Genomics And Sustainable Control Of The Potato Cyst Nematode Globodera Pallida

Published on 26 November 2009 in Sustainability and Communities


The potato cyst nematode, Globodera pallida, is a serious problem for growers in Scotland and in all major potato growing regions of the world. It causes damage valued at over £50 million each year in the UK alone.

G. pallida is an introduced pathogen and regulations exist that aim to prevent its spread. The latest European Council Directive concerning PCN (2007/33/EC) came into effect in July 2009 and harmomised methods for monitoring and controlling PCN across the EU.

Such control measures for PCN impose costs on growers and include long rotations, nematicides, resistant cultivars, biocontrols and trap crops. However, very few cultivars with effective resistance against G. pallida are currently available and new EU legislation will remove many of the most effective nematicides due to concerns about their persistence in the soil.

New control strategies, including effective and specific nematicides and new, durable, resistance sources against G. pallida are therefore required.

Figure 1: Life stages of G. pallida

Figure 1: Life stages of G. pallida

Key Points

  • A range of expertise relevant to the study of G. pallida is available at SCRI. We have developed new quantitative diagnostic tools for G. pallida and have expertise in studying how G. pallida infects plants. Scientists in the Pathology and Genetics programmes have expertise in screening for resistance in plants, and we work together to identify new resistance sources and understand the mechanisms underlying resistance.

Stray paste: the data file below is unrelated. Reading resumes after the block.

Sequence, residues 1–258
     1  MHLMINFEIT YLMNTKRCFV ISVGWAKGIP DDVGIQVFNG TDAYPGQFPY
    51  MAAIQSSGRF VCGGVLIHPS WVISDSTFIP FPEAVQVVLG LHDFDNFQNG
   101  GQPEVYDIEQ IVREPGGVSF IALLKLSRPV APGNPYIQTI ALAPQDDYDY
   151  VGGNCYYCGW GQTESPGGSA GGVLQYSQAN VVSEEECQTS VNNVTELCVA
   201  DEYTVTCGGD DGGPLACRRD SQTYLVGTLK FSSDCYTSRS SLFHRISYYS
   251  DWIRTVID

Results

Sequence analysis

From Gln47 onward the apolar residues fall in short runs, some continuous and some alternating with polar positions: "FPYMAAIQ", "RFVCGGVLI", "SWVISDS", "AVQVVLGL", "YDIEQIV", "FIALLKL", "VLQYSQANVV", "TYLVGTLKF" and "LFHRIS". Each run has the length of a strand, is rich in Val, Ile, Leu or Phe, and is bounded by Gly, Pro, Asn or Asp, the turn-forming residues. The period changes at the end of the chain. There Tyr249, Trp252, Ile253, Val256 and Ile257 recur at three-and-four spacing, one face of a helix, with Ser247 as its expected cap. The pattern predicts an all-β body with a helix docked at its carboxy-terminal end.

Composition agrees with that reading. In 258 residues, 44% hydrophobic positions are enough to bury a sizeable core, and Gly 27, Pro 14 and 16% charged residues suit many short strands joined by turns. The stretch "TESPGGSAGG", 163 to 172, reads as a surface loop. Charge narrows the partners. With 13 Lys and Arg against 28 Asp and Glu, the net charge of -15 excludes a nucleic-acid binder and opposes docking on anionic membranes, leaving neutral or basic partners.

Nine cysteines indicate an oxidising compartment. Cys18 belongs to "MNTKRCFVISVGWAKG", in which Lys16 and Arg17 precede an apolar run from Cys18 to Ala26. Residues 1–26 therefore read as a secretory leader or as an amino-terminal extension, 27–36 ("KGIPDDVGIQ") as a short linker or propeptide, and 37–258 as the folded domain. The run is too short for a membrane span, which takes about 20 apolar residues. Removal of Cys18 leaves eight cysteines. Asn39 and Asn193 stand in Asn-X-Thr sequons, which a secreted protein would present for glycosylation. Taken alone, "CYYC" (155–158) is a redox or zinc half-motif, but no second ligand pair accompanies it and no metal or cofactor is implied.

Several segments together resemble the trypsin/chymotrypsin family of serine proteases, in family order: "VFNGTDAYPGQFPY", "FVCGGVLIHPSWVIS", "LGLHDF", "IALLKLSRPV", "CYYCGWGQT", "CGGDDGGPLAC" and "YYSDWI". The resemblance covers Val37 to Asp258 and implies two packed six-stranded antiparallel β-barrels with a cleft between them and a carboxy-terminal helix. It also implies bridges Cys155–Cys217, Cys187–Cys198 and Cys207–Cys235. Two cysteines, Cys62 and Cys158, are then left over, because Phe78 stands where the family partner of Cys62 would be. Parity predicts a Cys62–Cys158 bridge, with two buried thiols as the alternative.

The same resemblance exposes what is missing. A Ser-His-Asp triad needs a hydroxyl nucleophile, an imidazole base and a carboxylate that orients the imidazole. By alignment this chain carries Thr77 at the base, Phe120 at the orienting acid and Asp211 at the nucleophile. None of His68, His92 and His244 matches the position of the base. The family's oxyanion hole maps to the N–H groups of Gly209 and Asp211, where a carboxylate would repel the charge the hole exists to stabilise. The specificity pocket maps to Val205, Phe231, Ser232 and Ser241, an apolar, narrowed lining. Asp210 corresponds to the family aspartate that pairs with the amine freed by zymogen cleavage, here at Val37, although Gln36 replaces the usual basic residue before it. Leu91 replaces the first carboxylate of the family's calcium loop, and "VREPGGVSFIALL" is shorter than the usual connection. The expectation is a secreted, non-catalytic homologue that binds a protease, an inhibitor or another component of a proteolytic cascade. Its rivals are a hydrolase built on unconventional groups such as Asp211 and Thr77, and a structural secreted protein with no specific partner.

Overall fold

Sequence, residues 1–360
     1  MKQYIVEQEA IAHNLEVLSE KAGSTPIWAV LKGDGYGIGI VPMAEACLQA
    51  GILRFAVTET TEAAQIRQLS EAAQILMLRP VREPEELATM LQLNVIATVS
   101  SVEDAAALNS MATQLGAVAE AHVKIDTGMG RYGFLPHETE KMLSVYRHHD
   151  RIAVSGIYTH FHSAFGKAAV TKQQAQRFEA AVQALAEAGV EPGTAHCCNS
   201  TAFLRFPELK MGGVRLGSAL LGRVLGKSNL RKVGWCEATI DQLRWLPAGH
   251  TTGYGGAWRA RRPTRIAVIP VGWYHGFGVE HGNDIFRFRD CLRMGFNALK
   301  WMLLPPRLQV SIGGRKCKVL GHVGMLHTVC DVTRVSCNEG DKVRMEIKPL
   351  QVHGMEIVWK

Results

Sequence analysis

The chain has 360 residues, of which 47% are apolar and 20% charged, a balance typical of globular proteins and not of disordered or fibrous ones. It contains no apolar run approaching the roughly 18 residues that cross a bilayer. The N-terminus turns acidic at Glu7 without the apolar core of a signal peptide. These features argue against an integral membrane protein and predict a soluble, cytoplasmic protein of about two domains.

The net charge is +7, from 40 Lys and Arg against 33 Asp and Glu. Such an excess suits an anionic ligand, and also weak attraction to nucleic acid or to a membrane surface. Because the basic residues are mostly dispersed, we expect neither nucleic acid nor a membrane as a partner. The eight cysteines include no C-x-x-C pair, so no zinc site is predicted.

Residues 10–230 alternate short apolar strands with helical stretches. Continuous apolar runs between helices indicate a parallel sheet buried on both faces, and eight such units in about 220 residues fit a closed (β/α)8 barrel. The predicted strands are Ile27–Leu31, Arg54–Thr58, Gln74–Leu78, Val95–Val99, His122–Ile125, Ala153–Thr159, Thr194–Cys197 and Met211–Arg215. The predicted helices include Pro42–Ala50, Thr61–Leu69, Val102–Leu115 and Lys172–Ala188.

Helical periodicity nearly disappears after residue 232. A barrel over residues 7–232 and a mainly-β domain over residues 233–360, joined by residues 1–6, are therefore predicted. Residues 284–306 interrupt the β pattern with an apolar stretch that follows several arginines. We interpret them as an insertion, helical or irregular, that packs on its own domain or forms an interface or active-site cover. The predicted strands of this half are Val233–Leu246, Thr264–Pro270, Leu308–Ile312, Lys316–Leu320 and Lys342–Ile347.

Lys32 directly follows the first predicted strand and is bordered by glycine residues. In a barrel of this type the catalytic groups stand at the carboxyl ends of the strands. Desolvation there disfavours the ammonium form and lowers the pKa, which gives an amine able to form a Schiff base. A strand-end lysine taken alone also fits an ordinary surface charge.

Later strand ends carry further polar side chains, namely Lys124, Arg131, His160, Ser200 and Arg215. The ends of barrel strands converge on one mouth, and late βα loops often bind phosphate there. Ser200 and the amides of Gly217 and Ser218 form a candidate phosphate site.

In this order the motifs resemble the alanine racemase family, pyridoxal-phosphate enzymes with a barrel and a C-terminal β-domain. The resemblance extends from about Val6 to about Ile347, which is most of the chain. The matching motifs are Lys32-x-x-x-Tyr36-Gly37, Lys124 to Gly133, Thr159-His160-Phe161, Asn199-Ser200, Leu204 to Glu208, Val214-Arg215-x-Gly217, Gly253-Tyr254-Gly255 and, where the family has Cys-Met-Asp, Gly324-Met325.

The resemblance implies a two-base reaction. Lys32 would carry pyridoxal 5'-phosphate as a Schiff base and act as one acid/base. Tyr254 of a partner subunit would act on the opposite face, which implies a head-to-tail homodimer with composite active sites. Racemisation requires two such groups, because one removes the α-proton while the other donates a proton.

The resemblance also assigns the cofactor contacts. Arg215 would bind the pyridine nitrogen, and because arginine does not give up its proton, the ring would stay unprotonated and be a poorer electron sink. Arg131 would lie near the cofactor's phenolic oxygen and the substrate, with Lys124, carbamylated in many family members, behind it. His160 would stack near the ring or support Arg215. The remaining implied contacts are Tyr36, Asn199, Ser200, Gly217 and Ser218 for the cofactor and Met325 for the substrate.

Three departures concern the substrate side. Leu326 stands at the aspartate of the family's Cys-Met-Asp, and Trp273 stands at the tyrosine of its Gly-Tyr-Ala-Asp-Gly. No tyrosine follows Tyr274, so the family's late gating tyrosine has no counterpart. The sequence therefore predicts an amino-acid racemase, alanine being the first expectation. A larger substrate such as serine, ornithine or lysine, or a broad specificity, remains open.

• SCRI is a partner in a UK consortium that is sequencing the genome of G. pallida.
  • The G. pallida sequencing project will reveal the full complement of genes present in G. pallida including potential targets for new nematicides.
  • The information from the genome sequence will underpin work that aims to identify essential nematode “effectors” responsible for parasite establishment in the host. Some of these may be recognised by resistance genes that can be incorporated into SCRI breeding programmes.

Research Undertaken

The G. pallida genome sequencing project underpins much of the research that we do. We are using bioinformatics tools in order to identify the full complement of nematode proteins that control their interactions with the host plant – the effectors.

We are characterising the functions of these effectors with a focus on identifying those that suppress plant defence responses. Effectors that are responsible for helping the nematode produce its feeding site in the host are also an important target.

We are using the genome sequence to understand how changes in the environment (such as temperature or exposure to different resistance sources) affect nematode physiology and development.

Figure 2: Cysts of G. pallida on the roots of a plant

Figure 2: Cysts of G. pallida on the roots of a plant

Policy Implications

Food security has become a major issue as the world population increases and plant diseases cause yield losses that have an impact on this issue.

Agriculture is an important component of the Scottish economy and plays an important part in maintaining rural communities. Effective control of plant diseases plays an integral role in maintaining a successful agricultural sector.

Changes in the Scottish climate may exacerbate the effects of pests and diseases. Developing new control strategies against existing and introduced pathogens is therefore a priority.


Dr John Jones, SCRI


Sustainability and Communities

Comments or Questions

Log in or register to add comments